Liam did a lot behind scenes from day one and still now his already successful brand and exposure pushed us quickly to have a decent demographic reach to bring in sponsors. Using his already long list of contacts he was able to bring in our sponsors and get us financially stable (to a point). Without Liam the org would not be in the same position it is today. In Liam I found a man with the same passion as me, and a good work ethic and without him CAZ would be just another little org trying to make ends meet, offering a server and some jerseys.
Most of the day to day, player relations etc was done by me. But mostly that was very self-ran and easy to manage. Both me and Liam planned events and everything around them. So with me gone in reality not a lot will change bar back end stuff and player relations. We have a replacement in mind for that already and the transition will be as smooth as possible
Do you think CAZ could have been as successful without Cazuall’s name behind it?
No I don’t believe we would be. With the Cazuall brand we were able to attract initial sponsors which allowed us to have cash from the beginning to afford events. The social media pushes and experience in general from Liam got us a demographic reach to really push forward nicely. If we didn’t use the Cazuall brand we would have had a totally different name I’m sure but I think we would be at least 1 year behind the level we are at now.
You are now launching UK Gaming Tours, what’s the plan there?
I won’t be going into too much detail here as we plan to announce everything early December. However we will be hosting UK only Leagues with an Offline final. We will be hosting 3 leagues and 3 finals per year and then a 4th final for our “champions” offering £50,000 Prize for 2017. Our Finals will be held at high-footfall locations around the UK our first being Milton Keynes.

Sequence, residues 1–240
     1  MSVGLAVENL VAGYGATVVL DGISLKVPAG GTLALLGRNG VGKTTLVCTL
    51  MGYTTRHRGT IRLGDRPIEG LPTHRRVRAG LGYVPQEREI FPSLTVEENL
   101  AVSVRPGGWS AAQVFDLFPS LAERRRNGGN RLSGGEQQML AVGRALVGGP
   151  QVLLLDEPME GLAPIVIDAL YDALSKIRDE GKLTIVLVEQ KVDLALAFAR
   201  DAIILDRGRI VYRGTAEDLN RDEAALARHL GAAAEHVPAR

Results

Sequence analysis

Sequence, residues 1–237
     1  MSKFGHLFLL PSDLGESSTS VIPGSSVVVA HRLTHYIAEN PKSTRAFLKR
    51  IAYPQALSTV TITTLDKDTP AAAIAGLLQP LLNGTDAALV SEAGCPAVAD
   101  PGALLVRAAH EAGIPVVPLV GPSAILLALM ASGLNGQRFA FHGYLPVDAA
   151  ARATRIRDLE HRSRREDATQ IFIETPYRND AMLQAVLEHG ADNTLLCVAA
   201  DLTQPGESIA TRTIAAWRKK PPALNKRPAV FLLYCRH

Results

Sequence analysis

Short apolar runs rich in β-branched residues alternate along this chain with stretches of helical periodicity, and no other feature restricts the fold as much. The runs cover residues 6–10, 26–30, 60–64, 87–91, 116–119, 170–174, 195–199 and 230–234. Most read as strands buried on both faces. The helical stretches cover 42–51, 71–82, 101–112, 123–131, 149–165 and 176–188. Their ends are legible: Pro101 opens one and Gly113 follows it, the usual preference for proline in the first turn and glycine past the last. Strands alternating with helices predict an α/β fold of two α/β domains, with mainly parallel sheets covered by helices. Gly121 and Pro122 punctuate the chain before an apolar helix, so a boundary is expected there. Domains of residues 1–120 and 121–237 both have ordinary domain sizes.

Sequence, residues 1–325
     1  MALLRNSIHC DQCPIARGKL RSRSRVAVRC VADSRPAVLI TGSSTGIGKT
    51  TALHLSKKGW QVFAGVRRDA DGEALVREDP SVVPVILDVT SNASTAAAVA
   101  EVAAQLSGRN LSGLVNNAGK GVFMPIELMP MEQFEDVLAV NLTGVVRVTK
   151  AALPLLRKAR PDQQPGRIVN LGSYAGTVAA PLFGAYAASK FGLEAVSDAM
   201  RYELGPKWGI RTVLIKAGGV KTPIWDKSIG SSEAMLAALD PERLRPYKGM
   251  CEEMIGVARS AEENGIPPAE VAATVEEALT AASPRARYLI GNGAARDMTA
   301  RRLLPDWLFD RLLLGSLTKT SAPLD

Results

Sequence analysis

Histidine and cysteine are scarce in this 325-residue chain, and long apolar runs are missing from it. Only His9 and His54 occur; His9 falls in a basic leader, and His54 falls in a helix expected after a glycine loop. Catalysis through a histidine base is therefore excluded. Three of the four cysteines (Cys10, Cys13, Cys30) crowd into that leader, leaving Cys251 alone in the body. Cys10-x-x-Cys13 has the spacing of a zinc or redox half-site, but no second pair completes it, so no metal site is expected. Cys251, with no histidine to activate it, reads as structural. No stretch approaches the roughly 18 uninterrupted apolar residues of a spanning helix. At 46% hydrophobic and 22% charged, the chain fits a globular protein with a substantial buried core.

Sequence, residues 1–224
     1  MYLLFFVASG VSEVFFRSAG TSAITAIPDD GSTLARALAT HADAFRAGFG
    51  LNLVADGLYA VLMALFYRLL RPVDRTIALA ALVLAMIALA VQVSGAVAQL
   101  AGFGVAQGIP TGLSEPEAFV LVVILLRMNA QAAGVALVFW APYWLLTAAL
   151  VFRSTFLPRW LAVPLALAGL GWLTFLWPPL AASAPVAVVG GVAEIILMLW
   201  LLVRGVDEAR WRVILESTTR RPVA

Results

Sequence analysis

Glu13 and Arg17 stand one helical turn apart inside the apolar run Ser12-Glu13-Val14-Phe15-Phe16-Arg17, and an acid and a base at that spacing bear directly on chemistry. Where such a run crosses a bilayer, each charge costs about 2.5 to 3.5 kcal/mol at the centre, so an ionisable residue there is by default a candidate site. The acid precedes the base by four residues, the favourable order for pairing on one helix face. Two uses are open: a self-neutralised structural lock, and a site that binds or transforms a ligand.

The Business has achieved its first year’s budget from investor funding and we are excited to get 2017 moving.
Our biggest aim, in reality, is not to just create another insular eSports event, but by using High footfall locations we can start to help move UK Esports into the mainstream. We also are not here to compete with UK Masters or ESL premier, to be honest I would much prefer for us all to work together in union and develop this industry, we hope to co-operate with them in the future, and ensure that we are not conflicting on schedules to create more consistency. I firmly believe if there is consistency in UK eSports teams will stick together for longer, with less of this “grass is greener” approach, and more we haven’t got time to create a new line up the next league starts soon!
Event organisers & organisations can only invest and do so much. I hope that with the leagues launching for 2017 from us and others players will open their eyes and start working to turn UK eSports into a career rather than trying to get £200-£400 salaries then disbanding. From what I can tell there’s going to be £100-£200K prize pools in the UK this year, that’s a lot of cash up for grabs. I think the first team that sticks together for 1 year will be taking home a lion’s share of that.